Clin Kidney J (2012) 5: 257–260 doi: 10.1093/ckj/sfs046 Advance Access publication 3 May 2012

Clinical Report

Effect of continuous positive airway pressure on proteinuria in obstructive sleep apnea Takahiro Masuda1,2, Sumiko Honma1, Nobuhiro Sasaki1,2, Shiho Hanawa-Yazawa1,2, Yoshitaka Iwazu2, Eiji Kusano2 and Yasushi Asano1 1 Department of Nephrology, Japanese Red Cross Koga Hospital, Koga, Ibaraki, Japan and 2Divisionsof Nephrology, Department of Medicine, Jichi Medical University, Shimotsuke, Tochigi, Japan

Correspondence and offprint requests to: Takahiro Masuda; E-mail: [email protected]

Keywords: continuous positive airway pressure; obstructive sleep apnea; proteinuria; renal hypoxia

Background Sleep-disordered breathing (SDB), characterized by repetitive apnea and hypopnea during sleep, is common in patients with chronic kidney disease (CKD) [1, 2]. We recently reported that SDB in dialysis patients (CKD stage 5D) predicts cardiovascular events and mortality [3]. An association between obstructive sleep apnea (OSA), the most common form of SDB, and proteinuria has been proposed [4–6]. However, it is unclear whether continuous positive airway pressure (CPAP), a standard treatment for OSA, ameliorates proteinuria. We report a case of severe OSA, where proteinuria was clearly decreased after CPAP without any changes of medication or body weight. This report proposes CPAP as a promising treatment for OSA with proteinuria.

Case report A 60-year-old man was referred to Japanese Red Cross Koga Hospital with the main complaint of proteinuria and hypertension in September 2008. At another clinic, proteinuria had been identified in 2003, and hypertension and hyperlipidemia had been diagnosed in 2007. A medication regimen of amlodipine (2.5 mg/day) and pitavastatin (2 mg/day) began in January 2008. The patient had no history of diabetes or other glomerular diseases. Physical findings at the first visit to our hospital were the following: height 157.6 cm, body weight 68.0 kg, body mass index (BMI) 27.4, blood pressure (BP) 148/91 mmHg, pulse rate 73 beats/min, body temperature 36.4°C and the tonsils were not enlarged. Blood examination showed blood urea nitrogen 3.89 mmol/L (10.9 mg/dL), serum creatinine 88.4 lmol/L (1.00 mg/dL), uric acid 39.2 lmol/L (6.6 mg/dL), serum albumin 43 g/L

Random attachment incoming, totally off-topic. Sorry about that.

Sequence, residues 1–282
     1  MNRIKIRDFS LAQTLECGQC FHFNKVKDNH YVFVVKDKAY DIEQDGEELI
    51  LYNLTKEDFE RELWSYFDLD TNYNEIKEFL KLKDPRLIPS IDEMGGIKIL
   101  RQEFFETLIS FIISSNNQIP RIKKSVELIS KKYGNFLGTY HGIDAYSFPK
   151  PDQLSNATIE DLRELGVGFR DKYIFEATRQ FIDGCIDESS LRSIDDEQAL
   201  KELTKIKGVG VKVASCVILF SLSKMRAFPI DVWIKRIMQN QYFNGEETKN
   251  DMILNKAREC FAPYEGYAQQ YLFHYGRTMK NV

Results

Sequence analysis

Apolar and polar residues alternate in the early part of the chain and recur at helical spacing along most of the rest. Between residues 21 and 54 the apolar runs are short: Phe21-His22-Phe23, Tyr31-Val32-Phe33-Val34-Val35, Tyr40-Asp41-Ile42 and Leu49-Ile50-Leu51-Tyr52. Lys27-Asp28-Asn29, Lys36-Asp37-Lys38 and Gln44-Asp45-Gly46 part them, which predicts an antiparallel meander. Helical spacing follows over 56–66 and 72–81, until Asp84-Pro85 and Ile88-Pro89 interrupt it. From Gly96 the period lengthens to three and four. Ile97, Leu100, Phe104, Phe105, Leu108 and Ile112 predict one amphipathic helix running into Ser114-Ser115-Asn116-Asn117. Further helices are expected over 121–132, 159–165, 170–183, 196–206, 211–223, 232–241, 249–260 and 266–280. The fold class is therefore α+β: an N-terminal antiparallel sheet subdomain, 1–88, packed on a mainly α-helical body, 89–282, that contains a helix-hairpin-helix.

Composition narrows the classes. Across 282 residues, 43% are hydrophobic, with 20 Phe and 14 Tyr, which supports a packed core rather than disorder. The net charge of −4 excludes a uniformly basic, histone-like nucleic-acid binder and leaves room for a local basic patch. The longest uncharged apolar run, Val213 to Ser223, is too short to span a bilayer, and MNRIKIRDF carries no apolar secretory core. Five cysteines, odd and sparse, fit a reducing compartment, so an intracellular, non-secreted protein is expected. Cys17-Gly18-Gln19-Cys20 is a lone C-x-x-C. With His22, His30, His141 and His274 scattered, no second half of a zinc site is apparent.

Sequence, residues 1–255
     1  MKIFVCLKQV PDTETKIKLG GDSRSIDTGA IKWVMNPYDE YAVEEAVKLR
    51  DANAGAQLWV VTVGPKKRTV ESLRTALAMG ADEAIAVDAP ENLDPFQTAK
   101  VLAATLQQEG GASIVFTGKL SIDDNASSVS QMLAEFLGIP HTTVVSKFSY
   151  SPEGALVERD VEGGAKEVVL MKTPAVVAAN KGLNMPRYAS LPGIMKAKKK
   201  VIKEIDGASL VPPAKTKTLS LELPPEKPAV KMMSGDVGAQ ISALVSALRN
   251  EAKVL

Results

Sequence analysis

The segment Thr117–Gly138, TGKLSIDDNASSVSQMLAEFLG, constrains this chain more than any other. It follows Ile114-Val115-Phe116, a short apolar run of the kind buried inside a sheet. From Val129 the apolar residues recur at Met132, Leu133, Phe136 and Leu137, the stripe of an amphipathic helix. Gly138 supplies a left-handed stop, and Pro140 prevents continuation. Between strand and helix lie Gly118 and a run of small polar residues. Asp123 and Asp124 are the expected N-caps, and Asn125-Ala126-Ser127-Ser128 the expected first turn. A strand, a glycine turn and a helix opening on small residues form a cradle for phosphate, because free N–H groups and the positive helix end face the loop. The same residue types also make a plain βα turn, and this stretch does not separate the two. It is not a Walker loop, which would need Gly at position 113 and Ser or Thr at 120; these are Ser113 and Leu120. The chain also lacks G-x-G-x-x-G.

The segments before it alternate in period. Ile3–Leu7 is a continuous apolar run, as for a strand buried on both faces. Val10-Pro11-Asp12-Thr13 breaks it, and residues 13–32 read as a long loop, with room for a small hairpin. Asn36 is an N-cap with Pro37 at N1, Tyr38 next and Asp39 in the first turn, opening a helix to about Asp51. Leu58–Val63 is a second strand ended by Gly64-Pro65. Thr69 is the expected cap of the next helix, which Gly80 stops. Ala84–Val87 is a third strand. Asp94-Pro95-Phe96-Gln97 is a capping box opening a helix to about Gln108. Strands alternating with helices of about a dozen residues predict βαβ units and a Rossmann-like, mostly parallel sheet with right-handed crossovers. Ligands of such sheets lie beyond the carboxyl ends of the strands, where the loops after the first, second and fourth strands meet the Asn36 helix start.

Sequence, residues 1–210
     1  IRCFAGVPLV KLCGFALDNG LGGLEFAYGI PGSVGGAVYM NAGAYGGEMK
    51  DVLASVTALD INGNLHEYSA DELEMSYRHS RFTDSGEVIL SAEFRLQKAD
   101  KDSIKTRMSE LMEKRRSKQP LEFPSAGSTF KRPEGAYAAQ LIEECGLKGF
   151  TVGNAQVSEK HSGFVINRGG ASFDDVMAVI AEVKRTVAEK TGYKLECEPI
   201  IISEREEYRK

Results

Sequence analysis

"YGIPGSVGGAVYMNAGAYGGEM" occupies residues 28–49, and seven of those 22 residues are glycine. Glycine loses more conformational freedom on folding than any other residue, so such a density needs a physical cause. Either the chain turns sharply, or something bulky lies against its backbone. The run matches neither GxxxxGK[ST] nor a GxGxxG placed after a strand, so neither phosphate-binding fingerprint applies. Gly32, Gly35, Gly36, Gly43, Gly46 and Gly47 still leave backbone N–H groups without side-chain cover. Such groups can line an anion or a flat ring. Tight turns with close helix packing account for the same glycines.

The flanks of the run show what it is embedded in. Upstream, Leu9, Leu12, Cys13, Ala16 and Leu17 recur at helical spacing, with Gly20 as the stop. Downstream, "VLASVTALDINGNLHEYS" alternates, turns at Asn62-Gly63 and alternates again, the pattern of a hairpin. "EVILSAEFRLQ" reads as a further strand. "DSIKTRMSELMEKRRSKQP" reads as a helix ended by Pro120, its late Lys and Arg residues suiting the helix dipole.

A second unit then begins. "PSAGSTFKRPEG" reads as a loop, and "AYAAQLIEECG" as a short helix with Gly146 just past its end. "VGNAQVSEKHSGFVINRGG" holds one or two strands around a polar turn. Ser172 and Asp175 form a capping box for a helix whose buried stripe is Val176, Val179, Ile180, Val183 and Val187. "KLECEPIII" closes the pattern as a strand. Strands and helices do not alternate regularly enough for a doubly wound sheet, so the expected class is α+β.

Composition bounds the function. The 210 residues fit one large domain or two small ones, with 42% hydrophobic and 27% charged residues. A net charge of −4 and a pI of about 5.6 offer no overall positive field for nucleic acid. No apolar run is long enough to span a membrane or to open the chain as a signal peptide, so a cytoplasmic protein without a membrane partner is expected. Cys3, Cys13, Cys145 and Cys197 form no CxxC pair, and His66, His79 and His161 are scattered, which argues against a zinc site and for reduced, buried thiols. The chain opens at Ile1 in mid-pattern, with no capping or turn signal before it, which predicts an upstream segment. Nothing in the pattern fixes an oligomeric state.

(4.3 g/dL), total cholesterol 4.87 mmol/L (188 mg/dL), immunoglobulin (Ig) G 13.49 g/L (1349 mg/dL), IgA 4.35 g/L (435 mg/dL) and IgM 0.83 g/L (83 mg/dL). Autoimmune serological findings and tumor markers such as CEA and CA19-9 were within normal ranges. Urine examination revealed proteinuria (protein and creatinine ratio) 0.67 g/g Cr and urinary red blood cells at 3 per high power field. Urinary protein was determined by Protein Assay Rapid Kit (Wako; Pure Chemical Industries Ltd, Tokyo, Japan). Renal biopsy was not performed because the patient refused it. We added candesartan (2 mg/day), an angiotensin II receptor antagonist, to decrease BP and proteinuria [7]. As a result, the BP decreased while in our hospital to within the normal range (120–130/80–85), but proteinuria increased gradually. In September 2010, he complained of repetitive apnea during sleep which his wife had noticed and pointed out to him. Therefore, we decided to screen for sleep apnea by first performing pulse oximetry (PULSOX-Me300; Teijin Pharma Ltd, Tokyo, Japan) and Epworth Sleepiness Scale (ESS), a questionnaire about daytime sleepiness [8]. In these tests, 3% oxygen desaturation index by pulse oximetry was 56.88 (normal range < 5) and ESS score was 10 (normal range  10). As these results indicated severe sleep apnea, polysomnography (PSG) was performed for a detailed examination (Sleep Watcher E; Teijin Pharma, Ltd and Compumedics Ltd, Victoria, Australia). We then diagnosed severe OSA based on the following data: total apnea–hypopnea index (AHI) 78.3 events per h, obstructive AHI 77.6 events per h, average oxygen saturation (SaO2) 94.0%, minimum SaO2 65.0% and cumulative time percentage of total sleep time when SaO2 was

Effect of continuous positive airway pressure on proteinuria in obstructive sleep apnea.

Obstructive sleep apnea (OSA) is common in patients with renal disease, and an association between OSA and proteinuria has been proposed. However, the...
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